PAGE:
Get a 360 Degree View
Additionally, you may want to consider appointing a program manager or an operating committee early on
in the process to deal with roadblocks, develop strategy and coordinate phases, suggests Stoughton.
Whether you decide to handle integration internally or externally, there will be a good deal of collaboration between all parties involved. Everyone who will have access or provide data needs to take part in the planning process, including IT, customer service, e-commerce, marketing and billing.
Once you've assembled the team to lead your data-integration project, agree on the desired result and work backwards to build a comprehensive step-by-step plan. "Understand what the end state might look like and figure out how to achieve that in steps. You want to create a structured and phased approach so you can adjust to what amounts to a moving target," says Stoughton.
"Significant changes in infrastructure typically take time, and by the time they are implemented it is likely that some aspects of the requirements have changed. That's why phased approaches work so well—because they allow a somewhat modular approach to building capabilities, with built-in points in time where you can step back and ensure alignment with current business needs," he explains.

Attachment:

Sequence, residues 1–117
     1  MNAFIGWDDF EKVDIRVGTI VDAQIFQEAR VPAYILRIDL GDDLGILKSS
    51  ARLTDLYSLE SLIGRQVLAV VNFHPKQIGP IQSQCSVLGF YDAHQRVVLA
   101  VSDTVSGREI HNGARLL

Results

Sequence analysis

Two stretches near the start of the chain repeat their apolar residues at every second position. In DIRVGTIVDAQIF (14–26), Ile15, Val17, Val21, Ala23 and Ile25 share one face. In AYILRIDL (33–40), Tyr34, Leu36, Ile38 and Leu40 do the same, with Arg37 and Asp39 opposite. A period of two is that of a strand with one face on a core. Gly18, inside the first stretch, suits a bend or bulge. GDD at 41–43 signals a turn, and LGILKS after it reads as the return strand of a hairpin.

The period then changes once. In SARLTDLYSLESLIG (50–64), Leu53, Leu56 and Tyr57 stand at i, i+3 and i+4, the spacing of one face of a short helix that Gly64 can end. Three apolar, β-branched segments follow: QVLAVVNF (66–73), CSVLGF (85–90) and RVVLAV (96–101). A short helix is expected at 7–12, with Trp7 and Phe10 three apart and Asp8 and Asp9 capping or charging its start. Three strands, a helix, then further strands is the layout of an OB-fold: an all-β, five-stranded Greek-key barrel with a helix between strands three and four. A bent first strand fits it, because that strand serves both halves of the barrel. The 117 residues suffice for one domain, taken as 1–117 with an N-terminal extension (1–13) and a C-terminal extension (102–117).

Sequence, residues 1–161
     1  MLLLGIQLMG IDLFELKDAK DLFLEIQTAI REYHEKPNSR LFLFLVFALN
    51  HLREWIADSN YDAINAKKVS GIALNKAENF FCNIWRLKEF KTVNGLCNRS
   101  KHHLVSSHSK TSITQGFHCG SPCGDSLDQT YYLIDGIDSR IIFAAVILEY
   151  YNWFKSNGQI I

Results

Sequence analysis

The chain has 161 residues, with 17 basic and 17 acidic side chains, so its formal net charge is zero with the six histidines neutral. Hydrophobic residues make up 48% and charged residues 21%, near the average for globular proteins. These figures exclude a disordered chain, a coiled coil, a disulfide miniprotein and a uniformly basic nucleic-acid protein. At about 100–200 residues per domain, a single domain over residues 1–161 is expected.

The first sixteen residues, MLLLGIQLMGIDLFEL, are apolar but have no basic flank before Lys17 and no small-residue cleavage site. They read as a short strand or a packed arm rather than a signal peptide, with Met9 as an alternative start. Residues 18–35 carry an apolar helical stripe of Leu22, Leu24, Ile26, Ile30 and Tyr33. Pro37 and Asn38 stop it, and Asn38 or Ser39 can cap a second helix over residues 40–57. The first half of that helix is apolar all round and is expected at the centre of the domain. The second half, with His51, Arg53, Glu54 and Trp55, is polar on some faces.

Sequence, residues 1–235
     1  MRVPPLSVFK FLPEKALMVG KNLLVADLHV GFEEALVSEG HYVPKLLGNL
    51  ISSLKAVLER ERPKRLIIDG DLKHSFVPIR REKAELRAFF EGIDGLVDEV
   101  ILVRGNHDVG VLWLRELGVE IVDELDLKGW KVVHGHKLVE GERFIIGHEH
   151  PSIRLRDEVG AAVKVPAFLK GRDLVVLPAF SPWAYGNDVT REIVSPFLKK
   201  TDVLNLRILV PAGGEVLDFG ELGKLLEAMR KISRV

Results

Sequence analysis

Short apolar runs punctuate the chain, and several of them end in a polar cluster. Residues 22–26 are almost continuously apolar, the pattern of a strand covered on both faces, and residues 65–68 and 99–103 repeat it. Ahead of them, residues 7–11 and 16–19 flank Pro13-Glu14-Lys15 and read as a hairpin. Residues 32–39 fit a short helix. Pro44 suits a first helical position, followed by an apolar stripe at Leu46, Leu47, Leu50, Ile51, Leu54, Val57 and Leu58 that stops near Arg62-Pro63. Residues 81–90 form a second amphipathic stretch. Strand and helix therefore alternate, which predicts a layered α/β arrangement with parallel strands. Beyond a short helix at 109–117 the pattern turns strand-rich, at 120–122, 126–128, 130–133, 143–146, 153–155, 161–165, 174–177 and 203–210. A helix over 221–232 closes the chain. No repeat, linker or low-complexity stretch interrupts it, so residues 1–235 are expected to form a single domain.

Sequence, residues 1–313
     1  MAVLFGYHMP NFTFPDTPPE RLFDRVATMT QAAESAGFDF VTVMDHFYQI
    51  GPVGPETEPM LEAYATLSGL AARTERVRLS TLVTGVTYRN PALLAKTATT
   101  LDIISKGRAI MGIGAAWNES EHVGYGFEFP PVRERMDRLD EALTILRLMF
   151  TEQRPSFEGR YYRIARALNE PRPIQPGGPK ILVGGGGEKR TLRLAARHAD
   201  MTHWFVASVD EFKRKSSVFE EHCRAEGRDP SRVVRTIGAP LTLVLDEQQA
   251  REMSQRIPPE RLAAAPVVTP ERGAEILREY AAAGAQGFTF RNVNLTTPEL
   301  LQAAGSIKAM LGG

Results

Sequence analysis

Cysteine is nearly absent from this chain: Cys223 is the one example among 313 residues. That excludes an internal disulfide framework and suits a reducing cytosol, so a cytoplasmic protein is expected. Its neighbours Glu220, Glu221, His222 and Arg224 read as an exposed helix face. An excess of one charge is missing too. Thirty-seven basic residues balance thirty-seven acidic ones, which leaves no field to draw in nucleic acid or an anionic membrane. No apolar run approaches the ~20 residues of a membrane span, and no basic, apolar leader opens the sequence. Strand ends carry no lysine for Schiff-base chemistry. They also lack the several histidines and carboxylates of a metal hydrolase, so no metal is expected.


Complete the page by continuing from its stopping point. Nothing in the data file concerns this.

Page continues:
Assess Your Data Needs
With your plan in hand, you now want to identify and define what data you need to drive your marketing communications strategy.
"Map out every touchpoint where consumers interact with your brand and begin to inventory the data collected at every point of action. It also is equally important to map out the data you plan to use in your outbound communications at the various touchpoints," recommends Michele Fitzpatrick, chief marketing officer, Harte-Hanks. These points may include information communicated or collected at the point of sale, via in-store displays, contests and signage, during customer service calls and more. "Then, figure out which ones you will use to generate a 360-degree view of your customers," she adds.